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Cup recycling stacks up

New legislation for disposable cups calls for on-site collections and data reporting. Hannah Osman, Manager of the National Cup Recycling Scheme, explains what businesses need to do to prepare

Catering is a complex business. As well as purchasing, storing and preparing consumables, managers need to think about the customer experience, handle cleaning contracts and set up efficient waste management systems. From October 2025, when new legislation comes into force, on-site cafés will also need to think more carefully about the way they deal with disposable cups.

Under the new regulations, businesses with more than 10 staff FTE (full time employment), which sell filled, fibre-based beverage cups to staff or to customers will need to comply. As well as reporting twice a year on the volume of cups sold and the weight of cups sent for recycling, they will also be required to host take-back schemes on-site. Collections must be brand-neutral, and accept any cup, including those which have been purchased at other locations.


According to Valpak research* produced for WRAP (Waste and Resources Action Programme), half a million single-use coffee cups are thrown away in the UK every day. If we dispose of them properly, we can reduce carbon, as well as the volume of waste sent to landfill or energy recovery. Setting up a recycling collection also helps businesses to improve recycling rates and is a popular move with consumers.


The good news is, yes! Single-use cups can be recycled up to seven times, and we already have the capacity to recycle every one of the 3.2 billion single-use cups generated in the UK.


Recycling reduces a cup’s carbon emissions by 50 per cent. To give an idea of scale, one NHS trust with three hospitals and over 5,000 staff can produce around 1,000 cups a day. In just a short time, the carbon impact of recycling can really stack up.


When the new legislation comes into force, organisations will need to report twice a year. This is an entirely new requirement, and businesses are more likely to hold this information by number of cups than in the required tonnage format. In our work around packaging compliance, sourcing the correct weights is often one of the greatest challenges. Valpak regularly weighs products to provide producers with reliable data, and we advise obligated businesses to plan ahead.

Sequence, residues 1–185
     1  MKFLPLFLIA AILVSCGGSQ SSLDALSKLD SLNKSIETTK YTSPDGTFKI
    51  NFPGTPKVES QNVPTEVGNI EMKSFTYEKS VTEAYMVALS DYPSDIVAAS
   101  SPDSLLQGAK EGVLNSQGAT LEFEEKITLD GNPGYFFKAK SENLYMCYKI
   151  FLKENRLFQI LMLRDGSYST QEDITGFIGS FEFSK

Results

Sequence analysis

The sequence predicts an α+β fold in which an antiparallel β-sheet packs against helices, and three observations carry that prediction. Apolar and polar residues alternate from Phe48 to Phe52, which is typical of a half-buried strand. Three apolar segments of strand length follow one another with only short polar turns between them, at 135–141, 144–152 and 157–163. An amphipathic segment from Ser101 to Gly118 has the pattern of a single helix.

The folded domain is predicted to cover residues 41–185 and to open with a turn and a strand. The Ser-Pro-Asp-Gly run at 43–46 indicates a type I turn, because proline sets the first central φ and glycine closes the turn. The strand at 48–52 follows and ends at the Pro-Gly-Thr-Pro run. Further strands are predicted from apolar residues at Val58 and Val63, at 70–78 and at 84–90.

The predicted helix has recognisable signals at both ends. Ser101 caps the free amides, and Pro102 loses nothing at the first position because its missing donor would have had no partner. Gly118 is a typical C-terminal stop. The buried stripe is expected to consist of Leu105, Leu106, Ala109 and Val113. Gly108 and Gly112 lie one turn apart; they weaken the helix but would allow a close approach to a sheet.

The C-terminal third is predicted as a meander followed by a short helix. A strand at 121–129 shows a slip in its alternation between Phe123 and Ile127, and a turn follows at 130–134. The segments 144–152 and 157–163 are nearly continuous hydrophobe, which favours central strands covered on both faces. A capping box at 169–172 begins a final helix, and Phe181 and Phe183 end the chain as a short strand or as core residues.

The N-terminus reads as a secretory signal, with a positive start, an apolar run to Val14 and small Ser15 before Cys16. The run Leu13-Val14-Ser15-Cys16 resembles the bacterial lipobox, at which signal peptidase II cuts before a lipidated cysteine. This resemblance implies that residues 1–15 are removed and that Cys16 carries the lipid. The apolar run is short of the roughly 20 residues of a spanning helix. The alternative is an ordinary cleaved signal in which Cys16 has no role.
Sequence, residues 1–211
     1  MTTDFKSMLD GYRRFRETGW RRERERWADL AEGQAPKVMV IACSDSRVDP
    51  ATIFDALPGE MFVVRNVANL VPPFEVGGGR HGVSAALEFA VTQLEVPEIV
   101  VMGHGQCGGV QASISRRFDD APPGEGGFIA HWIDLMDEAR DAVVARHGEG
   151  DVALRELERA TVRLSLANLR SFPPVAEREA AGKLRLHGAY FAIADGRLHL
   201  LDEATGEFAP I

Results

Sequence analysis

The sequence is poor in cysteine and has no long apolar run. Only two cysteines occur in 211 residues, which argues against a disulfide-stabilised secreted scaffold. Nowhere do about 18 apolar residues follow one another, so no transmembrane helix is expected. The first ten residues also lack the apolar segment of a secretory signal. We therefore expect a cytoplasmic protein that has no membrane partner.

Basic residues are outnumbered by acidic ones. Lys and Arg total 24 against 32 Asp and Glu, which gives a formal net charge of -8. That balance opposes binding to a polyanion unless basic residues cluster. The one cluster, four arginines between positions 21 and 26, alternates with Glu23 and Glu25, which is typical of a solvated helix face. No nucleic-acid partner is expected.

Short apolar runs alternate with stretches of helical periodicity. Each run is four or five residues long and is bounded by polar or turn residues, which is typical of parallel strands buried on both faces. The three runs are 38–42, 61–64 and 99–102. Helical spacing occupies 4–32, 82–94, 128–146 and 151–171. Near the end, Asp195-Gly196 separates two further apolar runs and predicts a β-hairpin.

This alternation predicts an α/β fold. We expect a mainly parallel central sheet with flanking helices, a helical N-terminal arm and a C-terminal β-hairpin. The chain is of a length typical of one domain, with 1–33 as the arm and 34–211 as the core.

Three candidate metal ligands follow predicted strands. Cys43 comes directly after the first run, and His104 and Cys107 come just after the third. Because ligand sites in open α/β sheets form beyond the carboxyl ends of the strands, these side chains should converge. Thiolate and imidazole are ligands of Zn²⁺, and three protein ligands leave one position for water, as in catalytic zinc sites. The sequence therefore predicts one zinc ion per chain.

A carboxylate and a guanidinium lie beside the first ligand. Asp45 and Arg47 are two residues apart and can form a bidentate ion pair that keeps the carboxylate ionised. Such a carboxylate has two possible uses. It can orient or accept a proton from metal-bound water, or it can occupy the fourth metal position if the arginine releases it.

While the UK specialist paper mills have the capacity to recycle every paper cup sold the number of cups collected falls short. The new legislation aims to address this gap.

As the administrator of the National Cup Recycling Scheme, Valpak has already been approached by cafeterias and coffee shops looking for advice on how to get ahead by setting up a collection system, or asking for support with collection boxes or collating data. This year, we launched a dedicated collection box for cups that holds up to 500–1,000 cups and is replaced when full.


Although every café will have features like sinks, kettles and counters, the size and style of each site varies, so the size and style of boxes or bins needs to adapt too. In an airport, for example, security concerns mean that waste must be collected in clear bags, while an office might use a collection box. In a busy public area, a tube stack is often more suitable for initial collection, before cups are transferred to a larger box.


Cups need to be collected as a separate waste stream, with all the liquids removed, so the system needs to incorporate a way to remove liquids – either via a sluice box or down a nearby sink. Although minor contamination is acceptable, collection bins and tubes in public areas tend to see higher levels of contamination.

To encourage participation and prevent contamination, education is crucial. The clearer we can make things, the more chance we have of waste being placed in the right bin. For Valpak’s own cup box take-back scheme, we advise on the best places to position bins and provide clear signage to make things easier.


To incentivise members of the public and staff to return their cups for recycling, some outfits offer discounts similar to those offered for reusable cups. Valpak’s consumer research shows support for this. Interestingly, the majority of respondents (61.55 per cent) were also willing to pay a slightly higher price to fund the recycling of disposable cups – almost 96 per cent said they would use a high street recycling bin designed for disposable cups.

With consumer appetite for cup recycling on the rise, the legislation has arrived at just the right time. Although take-back and data reporting may represent a challenge, businesses have two years to prepare. Those that begin now will reap the rewards.

*More info https://bit.ly/477Qhxp

About Sarah OBeirne

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